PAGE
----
GrrCon 2022 Writeup

These are my personal observations and thoughts about GrrCon 2022. Your mileage may vary. Flames go to /dev/null.

GrrCon 2022 took place on October 13th and 14th at the Devos Place convention center. Between the two days I attended sixteen (16) different sessions and three (3) keynotes taking notes on fifteen (15) of the sessions. I believe that a keynote is meant to be ingested at full attention.

  1. I firmly believe in the mission of GrrCon and the belief in free speech absolutism outside of targeted harrassment. Being offended is a part of life that you need to be OK with.
  2. This is an affordable conference and it is in my hometown. I think next year I do want to upgrade to VIP to get access to some more resources.
  3. I didn’t spend much time in the vendor area. The time I did spend did not result in much education. That and the vendors weren’t as active or inviting as I was hoping for.
    1. With that said I do appreciate the vendors!
    2. They all suck equally so keep that in mind.
  4. There was a good sense of diversity this year. I’ll note that in these ways:
    1. There were SO MANY first timers this year. That surprised me.
    2. More women, including presenters.
    3. Several presenters made it a point to remind us that we need to get more diverse people and ideas into our conversations, teams, and organizations.
  5. “How to Rob a Bank” was one of the more entertaining sessions and I do wish I took notes on that one. However it being 5pm on Day One I was fried.
  6. Ransomware was of course the largest topic of the conference. I learned some new stats but not really new information on prevention and containment. More on that later.
  7. A second theme that I saw was in regards to tooling and baselines. Meaning that we have a ton of tools that we can use to detect malicious activity but it is all worthless without having a baseline of normal for us to refer to.
    1. I don’t believe I can point to a single organization who has this.
    2. I’ve been talking baselines since my early virtual desktop infrastructure (VDI) days of 2013/2014. That is more than eight years ago and I think the industry has gotten worse at this.
    3. To me this means that there is opportunity for a consulting firm to offer this as a service:
      1. Implement a network device scanner to establish device baselines.
      2. Deploy a standard syslog/SIEM with agents on the established baseline to collect a data baseline.
      3. Sell this as a fixed fee project with a six-month timeline. Fixed-fee would likely be based on the size of the organization.
  8. I really appreciated the “Social Engineer Your Career” session. Out of all the sessions this one focused on soft skills. We need more presenters talking about this. As hackers we already have an image problem and having appropriate soft skills will help with that.
  9. My company had no plan for this conference. There were three of us in attendance - one from our official security team and two from our overall managed solutions team - with no coordination. Considering we had at least five customers in attendance this should have been managed better. Especially considering that we’ll send 5+ people to a conference halfway across the country at exorbitant cost.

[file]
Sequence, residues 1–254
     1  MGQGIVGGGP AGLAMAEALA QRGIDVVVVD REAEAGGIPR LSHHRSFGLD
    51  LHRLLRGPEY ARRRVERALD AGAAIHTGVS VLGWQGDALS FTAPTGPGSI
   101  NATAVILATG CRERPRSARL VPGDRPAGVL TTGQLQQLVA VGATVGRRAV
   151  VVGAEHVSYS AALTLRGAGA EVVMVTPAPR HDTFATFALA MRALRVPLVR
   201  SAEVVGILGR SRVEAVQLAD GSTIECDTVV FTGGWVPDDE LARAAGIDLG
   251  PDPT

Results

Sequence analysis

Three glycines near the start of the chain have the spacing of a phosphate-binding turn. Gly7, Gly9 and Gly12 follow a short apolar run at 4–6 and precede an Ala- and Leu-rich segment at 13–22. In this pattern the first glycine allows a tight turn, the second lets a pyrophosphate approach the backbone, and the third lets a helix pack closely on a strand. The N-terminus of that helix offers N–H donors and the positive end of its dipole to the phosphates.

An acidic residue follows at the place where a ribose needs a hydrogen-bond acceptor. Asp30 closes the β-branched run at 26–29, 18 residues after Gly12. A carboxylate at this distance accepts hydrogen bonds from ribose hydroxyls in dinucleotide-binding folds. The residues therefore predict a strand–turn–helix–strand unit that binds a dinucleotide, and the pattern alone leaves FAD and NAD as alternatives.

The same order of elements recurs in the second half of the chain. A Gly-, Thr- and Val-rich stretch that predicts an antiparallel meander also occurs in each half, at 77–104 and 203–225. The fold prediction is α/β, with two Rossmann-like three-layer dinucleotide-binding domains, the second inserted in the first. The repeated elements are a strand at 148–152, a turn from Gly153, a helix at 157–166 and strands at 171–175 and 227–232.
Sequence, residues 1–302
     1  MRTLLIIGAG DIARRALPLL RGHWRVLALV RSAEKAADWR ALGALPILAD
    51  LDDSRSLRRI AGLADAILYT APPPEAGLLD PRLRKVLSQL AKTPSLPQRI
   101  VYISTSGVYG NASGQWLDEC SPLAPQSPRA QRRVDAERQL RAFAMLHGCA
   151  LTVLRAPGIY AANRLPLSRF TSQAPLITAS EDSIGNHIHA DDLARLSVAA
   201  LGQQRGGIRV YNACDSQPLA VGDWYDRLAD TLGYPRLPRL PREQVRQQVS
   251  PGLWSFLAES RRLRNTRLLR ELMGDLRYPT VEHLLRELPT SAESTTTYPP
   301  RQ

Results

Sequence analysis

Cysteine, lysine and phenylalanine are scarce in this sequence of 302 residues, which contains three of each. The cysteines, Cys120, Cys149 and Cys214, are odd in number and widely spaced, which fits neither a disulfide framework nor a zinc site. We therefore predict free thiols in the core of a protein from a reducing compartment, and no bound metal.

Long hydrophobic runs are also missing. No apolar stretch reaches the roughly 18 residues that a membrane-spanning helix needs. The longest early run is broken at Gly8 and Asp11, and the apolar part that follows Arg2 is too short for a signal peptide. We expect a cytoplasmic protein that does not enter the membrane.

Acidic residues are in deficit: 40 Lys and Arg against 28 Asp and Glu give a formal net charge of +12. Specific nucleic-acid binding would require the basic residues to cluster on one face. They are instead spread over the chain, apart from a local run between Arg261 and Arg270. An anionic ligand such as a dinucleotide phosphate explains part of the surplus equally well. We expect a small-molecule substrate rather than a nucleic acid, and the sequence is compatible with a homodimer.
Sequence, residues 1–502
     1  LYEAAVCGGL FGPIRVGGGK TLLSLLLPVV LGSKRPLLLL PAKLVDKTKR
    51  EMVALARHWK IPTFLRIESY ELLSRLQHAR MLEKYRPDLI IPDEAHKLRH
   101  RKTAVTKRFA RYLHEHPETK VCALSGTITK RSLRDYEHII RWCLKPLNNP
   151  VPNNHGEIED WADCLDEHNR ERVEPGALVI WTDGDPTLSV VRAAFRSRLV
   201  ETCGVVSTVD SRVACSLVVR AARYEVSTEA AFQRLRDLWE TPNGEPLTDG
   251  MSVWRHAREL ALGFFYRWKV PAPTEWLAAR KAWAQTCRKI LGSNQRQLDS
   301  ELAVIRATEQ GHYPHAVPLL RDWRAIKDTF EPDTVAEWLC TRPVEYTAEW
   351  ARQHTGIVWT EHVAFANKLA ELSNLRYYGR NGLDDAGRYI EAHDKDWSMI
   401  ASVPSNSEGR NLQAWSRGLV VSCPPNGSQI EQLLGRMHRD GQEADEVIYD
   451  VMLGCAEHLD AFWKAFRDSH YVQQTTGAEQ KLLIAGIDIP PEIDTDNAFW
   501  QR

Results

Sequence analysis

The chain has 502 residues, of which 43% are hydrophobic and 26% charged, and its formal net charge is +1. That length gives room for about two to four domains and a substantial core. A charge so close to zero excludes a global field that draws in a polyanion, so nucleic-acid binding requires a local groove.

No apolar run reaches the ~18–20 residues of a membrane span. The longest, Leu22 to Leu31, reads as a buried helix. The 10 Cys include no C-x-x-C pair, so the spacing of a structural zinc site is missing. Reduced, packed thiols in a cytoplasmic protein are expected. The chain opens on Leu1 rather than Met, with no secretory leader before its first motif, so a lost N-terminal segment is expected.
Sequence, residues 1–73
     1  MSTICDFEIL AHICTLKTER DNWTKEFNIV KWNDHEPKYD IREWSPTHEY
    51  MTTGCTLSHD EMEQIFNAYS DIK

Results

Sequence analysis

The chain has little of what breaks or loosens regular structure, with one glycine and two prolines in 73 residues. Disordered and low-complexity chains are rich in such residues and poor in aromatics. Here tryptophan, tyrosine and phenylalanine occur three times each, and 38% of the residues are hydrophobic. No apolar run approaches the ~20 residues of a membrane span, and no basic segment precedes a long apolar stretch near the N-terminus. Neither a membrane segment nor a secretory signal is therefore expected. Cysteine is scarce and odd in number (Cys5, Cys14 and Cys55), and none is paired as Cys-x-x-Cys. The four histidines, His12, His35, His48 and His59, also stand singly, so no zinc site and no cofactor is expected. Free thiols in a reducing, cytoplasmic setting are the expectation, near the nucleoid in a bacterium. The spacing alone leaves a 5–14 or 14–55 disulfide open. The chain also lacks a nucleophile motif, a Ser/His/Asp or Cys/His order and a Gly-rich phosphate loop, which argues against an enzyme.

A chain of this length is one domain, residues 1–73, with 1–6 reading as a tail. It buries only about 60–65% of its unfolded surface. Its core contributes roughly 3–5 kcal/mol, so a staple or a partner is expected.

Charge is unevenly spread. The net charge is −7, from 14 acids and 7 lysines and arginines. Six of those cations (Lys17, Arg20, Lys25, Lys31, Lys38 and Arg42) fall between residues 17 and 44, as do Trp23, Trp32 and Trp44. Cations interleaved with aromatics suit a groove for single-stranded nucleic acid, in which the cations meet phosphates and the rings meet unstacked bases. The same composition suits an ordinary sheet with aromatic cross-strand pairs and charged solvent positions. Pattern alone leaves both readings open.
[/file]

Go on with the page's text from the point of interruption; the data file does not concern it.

10. The Friday keynote by Alyssa Miller was excellent as expected. I follow her on Twitter and did not expect to see her at my local conference. Very happy that I was able to see it.
  11. Our internal support team should have been there and they should have gotten VIP or better tickets.

OK so here is my one rant. We have a ton of presentations that give useful statistics, data, and experiences. However there is little in the way of practical “here is how we did X and how it worked or didn’t work and why” type of content. The closest to this was a presentation on using Terraform to build out some basic cloud assets (note: this was not the presentation that I was hoping for). I think I want to build a talk around this. Something that any organization can take and work with.

Practical Methods to Prevent and Mitigate Malicious Activity

  1. No more local administrator.
  2. Audit Domain Administrator and Global Administrators. These must be dedicated accounts.
  3. Turn on and use host-based firewalls. Block east-west traffic by default.
  4. Log everything practical:
    1. Workstation and Server event logs
    2. Firewall logs
    3. DNS queries
  5. No shared service or user accounts. Each service gets its own!
    1. Assign minimal priveleges. Never just give it Domain Admin.
  6. All those shared data folders? Remove all user access accept for a specific stakeholder.
    1. Add in appropriate groups for Read, Read/Write, Read/Write/Delete.
    2. Use job roles to give out permissions.
  7. Do Data Classification. Public, Confidential, Secret. Yes follow the government classification schedule to an extent. It works believe it or not.
  8. Audit all applications in use. Implement allow lists for applications and make it a policy.
  9. MFA policy. Have a limited set of options and one must be a physical token.
  10. Implement an organization-wide password manager. Employees have their own vault and then there can be shared vaults with auditing.
  11. Get a good inline email security product. Needs to actively scan links, sandbox, etc… If a user clicks a phishing or malicious link then this shouldn’t harm the organization.

OK that’s all I have right now based on my lived experience.

GrrCon Conclusion

It’s already on my calendar for next year. Hopefully I can see more friends there and we can continue to learn and grow in our careers together.


You can find all of my notes from the sessions that I attended at my Bitbucket: GrrCon 2022 Notes